I played a concert this week and noticed that my page-turner, sitting beside me at the piano, was holding what looked like a generous square of fudge in her left hand. As a fudge fan myself, I didn’t find it hard to imagine why one would wish to have a square of fudge on stage, but she seemed to be holding it with unusual care. Eventually I allowed myself to ask what it was.
‘It’s a square of wet sponge’, she explained. Not cake sponge, you understand, but the kind of sponge you clean the kitchen with. ‘ I got the idea from watching bank staff counting out notes. They use a pad of something wet to moisten their fingertips so they can easily leaf through notes without getting two at once. I hold the sponge like this, moisten the fingertips of my right hand on it, and then lean forward and turn the page. It helps me not to distract the pianist by fumbling with the pages right in front of their line of vision.’ What a brilliant idea! And it worked like a charm.
A kind person at International Piano magazine has sent me, without comment, a copy of the May/June issue. It turns out to have a survey of recordings of Haydn’s ‘Gypsy Rondo’ piano trio. ‘The Florestan Trio … displays uncommon musical intelligence while refusing to allow any hint of sentimentality of any over-indulgence in the finale. This recording has a fundamental feeling of ‘rightness’ that makes it the most likely challenger to the Beaux Arts Trio as the purist’s choice’, writes David Threasher. And there’s a nice big photo of us as well.
Finishing his survey with a summary of his favourite five recordings, the reviewer recommends ‘the Florestan Trio ‘for the marriage of intelligence and athleticism in its performance… and they take authenticity to the extent of having a young lady pianist.’ Poetic licence in that adjective, I’m afraid, Mr Threasher, but thank you!
Happy birthday to you,
Happy birthday to you,
Happy birthday, dear website,
Happy birthday to you!
This blog ‘went live’ one year ago today. To mark the occasion, what better than a photo of the cherry blossom which has just come out in the garden?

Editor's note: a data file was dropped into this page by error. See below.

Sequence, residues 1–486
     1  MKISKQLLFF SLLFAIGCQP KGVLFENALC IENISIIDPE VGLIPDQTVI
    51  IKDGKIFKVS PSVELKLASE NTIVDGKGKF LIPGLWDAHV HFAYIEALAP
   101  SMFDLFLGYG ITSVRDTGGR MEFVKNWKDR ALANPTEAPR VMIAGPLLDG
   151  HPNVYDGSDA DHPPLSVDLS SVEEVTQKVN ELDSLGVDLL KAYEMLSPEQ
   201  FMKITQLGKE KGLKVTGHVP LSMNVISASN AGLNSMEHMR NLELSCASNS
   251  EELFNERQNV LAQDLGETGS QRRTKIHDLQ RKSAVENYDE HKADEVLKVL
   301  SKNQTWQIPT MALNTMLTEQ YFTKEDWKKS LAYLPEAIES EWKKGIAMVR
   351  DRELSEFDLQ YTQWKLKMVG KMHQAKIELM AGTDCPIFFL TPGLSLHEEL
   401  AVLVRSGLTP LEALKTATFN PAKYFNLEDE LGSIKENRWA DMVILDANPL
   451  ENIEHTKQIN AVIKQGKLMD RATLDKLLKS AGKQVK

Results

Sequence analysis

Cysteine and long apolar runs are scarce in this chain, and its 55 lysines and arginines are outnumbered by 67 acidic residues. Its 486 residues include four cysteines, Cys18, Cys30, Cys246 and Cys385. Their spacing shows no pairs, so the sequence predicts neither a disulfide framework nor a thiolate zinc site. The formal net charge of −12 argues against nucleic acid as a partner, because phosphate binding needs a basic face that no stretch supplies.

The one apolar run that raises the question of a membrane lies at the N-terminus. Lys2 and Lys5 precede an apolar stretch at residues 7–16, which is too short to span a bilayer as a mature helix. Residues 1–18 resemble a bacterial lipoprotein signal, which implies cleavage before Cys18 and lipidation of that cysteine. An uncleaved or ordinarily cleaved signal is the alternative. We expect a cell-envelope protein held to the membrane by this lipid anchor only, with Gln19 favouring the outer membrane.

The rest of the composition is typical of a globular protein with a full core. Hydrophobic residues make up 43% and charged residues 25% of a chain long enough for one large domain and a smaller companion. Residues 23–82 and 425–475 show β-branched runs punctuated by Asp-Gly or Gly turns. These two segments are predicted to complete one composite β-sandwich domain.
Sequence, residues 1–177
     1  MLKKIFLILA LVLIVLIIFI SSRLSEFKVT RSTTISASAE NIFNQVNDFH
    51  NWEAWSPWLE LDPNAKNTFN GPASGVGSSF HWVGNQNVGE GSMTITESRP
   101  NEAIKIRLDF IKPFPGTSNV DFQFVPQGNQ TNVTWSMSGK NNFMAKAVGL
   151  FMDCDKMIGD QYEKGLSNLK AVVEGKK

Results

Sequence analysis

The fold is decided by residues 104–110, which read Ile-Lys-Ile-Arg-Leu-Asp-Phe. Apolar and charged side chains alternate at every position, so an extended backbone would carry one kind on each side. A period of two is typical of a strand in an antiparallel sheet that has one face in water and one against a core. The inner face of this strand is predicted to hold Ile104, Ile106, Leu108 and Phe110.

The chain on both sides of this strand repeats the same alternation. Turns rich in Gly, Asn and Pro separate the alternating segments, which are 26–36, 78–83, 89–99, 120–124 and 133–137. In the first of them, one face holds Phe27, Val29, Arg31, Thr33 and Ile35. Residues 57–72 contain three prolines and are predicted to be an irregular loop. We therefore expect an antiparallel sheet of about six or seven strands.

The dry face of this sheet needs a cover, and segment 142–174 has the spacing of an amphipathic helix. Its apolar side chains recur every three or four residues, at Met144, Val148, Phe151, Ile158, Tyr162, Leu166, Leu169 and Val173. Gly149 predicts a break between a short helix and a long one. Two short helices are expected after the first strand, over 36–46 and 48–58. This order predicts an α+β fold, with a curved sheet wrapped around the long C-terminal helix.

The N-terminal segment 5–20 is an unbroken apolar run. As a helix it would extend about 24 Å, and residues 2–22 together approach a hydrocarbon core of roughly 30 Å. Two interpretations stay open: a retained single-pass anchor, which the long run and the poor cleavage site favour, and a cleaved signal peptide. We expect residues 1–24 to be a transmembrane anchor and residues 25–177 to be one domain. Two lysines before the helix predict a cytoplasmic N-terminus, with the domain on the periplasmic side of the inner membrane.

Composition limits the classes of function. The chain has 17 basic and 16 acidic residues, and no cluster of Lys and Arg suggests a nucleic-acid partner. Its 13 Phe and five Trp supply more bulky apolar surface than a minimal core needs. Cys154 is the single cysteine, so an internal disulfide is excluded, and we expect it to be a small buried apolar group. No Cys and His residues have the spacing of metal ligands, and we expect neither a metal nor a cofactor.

The first anniversary seems a good time to take stock. If you read this blog regularly, do you like the frequency of new posts? I try to write something every couple of days. Do you find it too much, too little, or about right? Is the variety of subjects a good thing, or would you prefer it to be more solidly focused on music?
Before I sail on into the second year, I’d be happy to hear your views. If you feel like giving me some feedback but don’t want your comment to be visible to everyone else, please send me a private e-mail by clicking the relevant link beside my little photo, top left of this page.
‘You’re looking at me with a wild surmise!’ said Bob as I came into the kitchen. I said I was trying to identify the unusual aroma coming from the oven. ‘It’s wild garlic’, he explained.
The clutch of pungent green leaves in this week’s organic veg box was a challenge to our usual cooking routines. After some thought, Bob devised a delicious soufflé flavoured with wild garlic and sorrel, served with purple sprouting broccoli. It was a symphony in gold and green. Before we sat down to eat it, we agreed that the new dish should be christened Wild Surmise Soufflé. Served with a glass of Chablis, it was a luxurious supper on a spring evening.
We attended a funeral in a small church this week. As we sat waiting for the service to begin, an organist was stumbling through some well-known hymns, their outlines blurred by a haze of wrong notes. Though I tell myself to lighten up, I find I’m very impatient with this kind of stumbling. I can’t ignore it and tell myself that it is done with love, or at least goodwill and community spirit. Every time there was a wrong note or chord, I was distracted from my peaceful meditation on the life of the dear departed.
Why is it considered OK to be musically incompetent on a public occasion? Wrong notes or harmonies in well-known tunes are, for me, as bad as wrong words in a well-known text. Everyone would agree that it was unacceptable if, say, a vicar began the funeral service with the words, ‘We are tethered here today to calibrate the life of ….’. Yet musical errors are not considered equally startling.